The British Government of India sub-divided the Rajputana Agency into 9 distinct groups of states, which consisted of 3 residencies and 6 agencies. These included the following:
The Mewar Residency was headquartered at Udaipur and managed and administered the princely state of Mewar, also known as Udaipur.
Western Rajputana States Agency
This agency under the Rajputana Agency administered and governed the Indian princely states of Banswara, Partabgarh and the princely state of Dungarpur. The Western Rajputana States Agency was included in the Mewar Residency but was later separated in the year 1906.
The Jaipur Residency administered the estate of Lawa and the princely state of Jaipur and Kishangarh. It was headquartered at Jaipur.
Western Rajputana States Residency
The Western Rajputana States Residency managed the states of Sirohi, Jaisalmer and Jodhpur and had its headquarters at Jodhpur.
Eastern Rajputana States Agency
This agency under the administration of the Rajputana Agency managed the princely state of Bharatpur, Karauli State and Dholpur State and was headquartered at Bharatpur.
Kotah Jhalawar Agency
The Kotah Jhalawar Agency was also a division of the Rajputana Agency under the former British Indian Government. It administered the princely state of Jhalawar and Kotah State.
Haraoti Tonk Agency
This agency had its headquarters at Deoli and supervisied and goverened the administration of the state of Bundi, the princely state of Tonk and the estate of Shahpura.
The other agencies included in this subdivision where, Alwar Agency (headquartered at Alwar), Tarangagadh Agency (headquartered at Taranga) and Bikaner Agency (headquartered at Bikaner). All the princely states in the Rajputana Agency were ruled by Hindu Rajput rulers, except the princely state of Bharatpur and Dholpur that were ruled by Jat rulers and the princely state of Tonk which was administered by Muslim rulers. Ajmer Merwara, which was a small province under the British, was later included in the geographical border of the Rajputana Agency, but was under direct rule British administration. According to the 1901 Census of India, the total population of the region was 9,723,301 and even though the Rajputs reigned over most of the states, still they consisted of a minority of the total population.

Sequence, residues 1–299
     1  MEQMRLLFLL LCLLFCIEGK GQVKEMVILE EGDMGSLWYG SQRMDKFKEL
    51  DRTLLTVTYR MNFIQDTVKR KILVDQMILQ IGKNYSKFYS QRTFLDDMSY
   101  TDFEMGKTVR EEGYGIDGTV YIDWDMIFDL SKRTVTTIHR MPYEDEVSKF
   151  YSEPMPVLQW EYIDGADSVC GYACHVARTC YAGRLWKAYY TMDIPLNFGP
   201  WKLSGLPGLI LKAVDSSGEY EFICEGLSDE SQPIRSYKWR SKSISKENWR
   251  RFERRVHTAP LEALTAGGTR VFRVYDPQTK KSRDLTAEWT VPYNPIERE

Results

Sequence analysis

Other significant tribes and castes of the Rajputana Agency were the Brahmins, the Bhats and the Jains. The Brahmins were considered as the highest ranking caste and were rather influential. The Bhats acted as the custodians of secular tradition and the Jains were primarily merchants. Other prominent groups were the Gurjars, the Jats, the Meo, the Meenas and the Bhils.
Development of Rajputana Agency
During the rule of the British Empire in India, agriculture was the primary occupation for the majority of the populace. Several agricultural products were exported like cotton, wool, opium, salt and grains. The main imports were hardware, sugar and piece goods. The region under the Rajputana Agency was not much developed in industrial production. The major products that were manufactured included woolen goods and cotton, ivory carving, metal-work and handicrafts.
Rajputana railway, which traversed through out the Agency, was developed from the Malwa branch in the south and deviated to Agra and Delhi in the north. Later the railway system was developed in other parts of the region as well.
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